There is a great deal of similarity between the current Macintosh OS X operating system and Linux. This is because they are both basically Unix. MAC OS X is based upon Darwin, an open source "flavor" of Unix, and Linux is an open source Unix clone. Thus, many of the MAC applications, such as the Apache web server, are the same open source ones that are commonly used on Linux. So underneath the covers, the machines are 90 percent identical in terms of the actual code they use to run.
The difference is that when you buy a MAC, you are paying extra for the proprietary Apple part of the software. You also get that nice Apple look and interface. However, Linux has become nearly as easy to use as the MAC, and you can now use all the standard MAC tricks such as dragging icons, files and applications to different parts of your desktop. See the FAQ page for info on how to make your Linux box look and feel like a MAC.
I anticipate that in the future these two operating systems will converge even more and become increasingly difficult to tell apart. My personal opinion is if you must have a MAC, get it! But, if you want something almost as good for a quarter of the price, go with a nice beefed up Linux box featuring a flat panel monitor and a DVD burner.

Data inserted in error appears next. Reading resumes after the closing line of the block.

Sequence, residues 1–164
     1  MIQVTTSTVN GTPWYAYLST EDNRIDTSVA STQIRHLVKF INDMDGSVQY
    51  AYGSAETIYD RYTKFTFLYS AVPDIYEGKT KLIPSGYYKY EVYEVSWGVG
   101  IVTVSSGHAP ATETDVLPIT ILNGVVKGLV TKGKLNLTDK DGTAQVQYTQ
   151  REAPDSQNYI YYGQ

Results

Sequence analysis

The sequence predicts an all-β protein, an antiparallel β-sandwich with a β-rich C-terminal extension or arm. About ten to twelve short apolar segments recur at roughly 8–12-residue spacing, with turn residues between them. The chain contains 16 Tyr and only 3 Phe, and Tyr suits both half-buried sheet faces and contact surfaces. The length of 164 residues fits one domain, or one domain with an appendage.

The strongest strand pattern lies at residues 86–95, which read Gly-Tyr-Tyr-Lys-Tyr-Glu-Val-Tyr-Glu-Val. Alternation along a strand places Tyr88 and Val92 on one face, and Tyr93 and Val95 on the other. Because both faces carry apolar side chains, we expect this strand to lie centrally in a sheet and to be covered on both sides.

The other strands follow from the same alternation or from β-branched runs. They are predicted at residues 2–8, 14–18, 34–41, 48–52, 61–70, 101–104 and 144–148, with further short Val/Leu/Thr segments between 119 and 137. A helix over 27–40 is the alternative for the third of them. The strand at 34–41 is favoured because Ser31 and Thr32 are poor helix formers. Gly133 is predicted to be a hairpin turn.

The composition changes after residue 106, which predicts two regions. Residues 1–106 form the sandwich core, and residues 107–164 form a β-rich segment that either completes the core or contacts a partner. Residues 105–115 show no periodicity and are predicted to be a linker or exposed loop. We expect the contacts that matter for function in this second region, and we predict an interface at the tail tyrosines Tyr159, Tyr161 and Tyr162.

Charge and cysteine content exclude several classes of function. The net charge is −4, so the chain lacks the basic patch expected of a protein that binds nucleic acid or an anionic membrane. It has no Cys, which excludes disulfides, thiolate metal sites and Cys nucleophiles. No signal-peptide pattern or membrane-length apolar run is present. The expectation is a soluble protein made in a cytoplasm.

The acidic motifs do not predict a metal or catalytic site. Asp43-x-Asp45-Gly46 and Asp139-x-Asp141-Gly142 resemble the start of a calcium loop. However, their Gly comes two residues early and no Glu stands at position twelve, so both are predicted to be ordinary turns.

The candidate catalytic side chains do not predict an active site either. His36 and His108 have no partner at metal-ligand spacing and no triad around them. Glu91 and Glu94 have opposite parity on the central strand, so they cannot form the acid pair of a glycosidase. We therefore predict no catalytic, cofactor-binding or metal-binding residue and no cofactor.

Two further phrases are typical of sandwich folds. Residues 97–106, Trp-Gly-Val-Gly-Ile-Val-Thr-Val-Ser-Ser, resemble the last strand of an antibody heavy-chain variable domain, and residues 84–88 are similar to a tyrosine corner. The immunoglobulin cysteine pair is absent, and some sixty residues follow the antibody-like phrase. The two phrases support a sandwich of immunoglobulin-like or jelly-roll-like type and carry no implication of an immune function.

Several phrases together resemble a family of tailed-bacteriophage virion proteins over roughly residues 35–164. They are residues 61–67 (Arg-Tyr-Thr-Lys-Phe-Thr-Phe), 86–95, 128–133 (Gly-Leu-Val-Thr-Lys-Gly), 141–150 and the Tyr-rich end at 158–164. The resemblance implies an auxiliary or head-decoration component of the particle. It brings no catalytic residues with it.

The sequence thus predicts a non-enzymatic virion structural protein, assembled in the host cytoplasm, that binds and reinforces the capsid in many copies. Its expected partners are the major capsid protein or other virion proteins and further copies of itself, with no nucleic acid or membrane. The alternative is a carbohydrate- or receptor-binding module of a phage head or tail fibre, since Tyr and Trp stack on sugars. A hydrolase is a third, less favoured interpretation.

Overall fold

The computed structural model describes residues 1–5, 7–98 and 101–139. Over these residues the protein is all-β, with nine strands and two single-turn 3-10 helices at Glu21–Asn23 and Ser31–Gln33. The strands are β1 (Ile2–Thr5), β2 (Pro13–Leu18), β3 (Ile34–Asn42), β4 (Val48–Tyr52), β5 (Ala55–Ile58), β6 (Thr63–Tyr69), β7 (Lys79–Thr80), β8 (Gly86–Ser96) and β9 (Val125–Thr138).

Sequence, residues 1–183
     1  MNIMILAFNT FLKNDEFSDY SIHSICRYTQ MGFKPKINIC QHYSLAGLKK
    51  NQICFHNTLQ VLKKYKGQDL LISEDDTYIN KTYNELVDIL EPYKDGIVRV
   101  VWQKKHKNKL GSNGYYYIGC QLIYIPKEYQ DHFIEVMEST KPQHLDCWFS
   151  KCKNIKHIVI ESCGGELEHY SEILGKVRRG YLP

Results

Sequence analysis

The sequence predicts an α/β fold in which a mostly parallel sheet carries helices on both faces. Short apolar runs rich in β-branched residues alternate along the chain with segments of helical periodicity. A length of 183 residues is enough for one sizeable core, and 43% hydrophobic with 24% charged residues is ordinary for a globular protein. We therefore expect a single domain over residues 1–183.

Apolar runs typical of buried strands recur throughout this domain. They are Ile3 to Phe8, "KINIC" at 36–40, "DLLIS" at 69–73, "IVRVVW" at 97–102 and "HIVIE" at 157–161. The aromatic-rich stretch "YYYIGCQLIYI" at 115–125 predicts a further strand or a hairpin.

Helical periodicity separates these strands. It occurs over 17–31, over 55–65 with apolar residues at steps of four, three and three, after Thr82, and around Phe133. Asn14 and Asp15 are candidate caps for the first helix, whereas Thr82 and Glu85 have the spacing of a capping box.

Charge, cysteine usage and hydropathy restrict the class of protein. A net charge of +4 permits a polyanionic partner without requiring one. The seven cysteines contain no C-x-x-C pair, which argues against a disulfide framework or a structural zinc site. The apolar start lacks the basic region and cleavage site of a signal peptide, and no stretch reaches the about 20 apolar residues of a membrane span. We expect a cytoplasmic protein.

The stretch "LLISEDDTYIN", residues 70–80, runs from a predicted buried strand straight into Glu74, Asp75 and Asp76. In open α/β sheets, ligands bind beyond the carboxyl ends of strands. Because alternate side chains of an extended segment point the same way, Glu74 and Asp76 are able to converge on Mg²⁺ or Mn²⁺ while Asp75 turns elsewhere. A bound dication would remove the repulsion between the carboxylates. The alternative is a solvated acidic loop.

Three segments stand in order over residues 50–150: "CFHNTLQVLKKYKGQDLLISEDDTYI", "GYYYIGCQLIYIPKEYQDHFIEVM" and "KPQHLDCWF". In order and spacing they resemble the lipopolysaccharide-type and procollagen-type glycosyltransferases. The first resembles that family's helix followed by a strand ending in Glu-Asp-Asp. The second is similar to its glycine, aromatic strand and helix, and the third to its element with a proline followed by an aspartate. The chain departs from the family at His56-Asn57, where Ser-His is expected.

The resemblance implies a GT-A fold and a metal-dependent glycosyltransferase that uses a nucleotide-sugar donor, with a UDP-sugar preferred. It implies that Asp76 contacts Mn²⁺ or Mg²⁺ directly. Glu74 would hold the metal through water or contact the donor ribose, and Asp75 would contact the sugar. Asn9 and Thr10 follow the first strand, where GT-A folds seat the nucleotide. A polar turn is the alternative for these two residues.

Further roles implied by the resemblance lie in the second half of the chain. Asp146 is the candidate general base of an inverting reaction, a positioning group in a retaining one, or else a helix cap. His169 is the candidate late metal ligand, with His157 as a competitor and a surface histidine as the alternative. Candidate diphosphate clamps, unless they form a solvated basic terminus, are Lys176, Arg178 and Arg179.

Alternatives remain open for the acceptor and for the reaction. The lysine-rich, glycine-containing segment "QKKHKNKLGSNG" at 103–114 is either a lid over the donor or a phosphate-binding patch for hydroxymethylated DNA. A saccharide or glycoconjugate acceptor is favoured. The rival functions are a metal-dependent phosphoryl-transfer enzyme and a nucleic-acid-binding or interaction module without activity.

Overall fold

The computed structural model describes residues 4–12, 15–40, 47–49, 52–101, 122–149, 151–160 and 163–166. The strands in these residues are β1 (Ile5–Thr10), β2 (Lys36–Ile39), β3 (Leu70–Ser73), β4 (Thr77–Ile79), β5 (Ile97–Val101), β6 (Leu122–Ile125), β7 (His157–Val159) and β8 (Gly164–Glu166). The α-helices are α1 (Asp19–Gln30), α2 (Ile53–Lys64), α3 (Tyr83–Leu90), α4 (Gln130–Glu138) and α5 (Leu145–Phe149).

In addition to being able to run Unix applications directly on your MAC, you can also install Linux on it. This will make it easy to run the large number of high quality and free Linux applications that are currently available. I have installed Yellow Dog Linux on older G3 MACS. For newer MACS, I prefer Ubuntu, SUSE and Fedora Core 6. Note all MAC Linux Distributions use the yaboot program which enables you to multiboot and keep your current MAC OSX or OS9 install. If you have an old G3 MAC and do not want to pay for the OS X operating system, I will be happy to convert it to Yellow Dog Linux for you. I can also help you install Ubuntu, SUSE etc. on the newer MACS.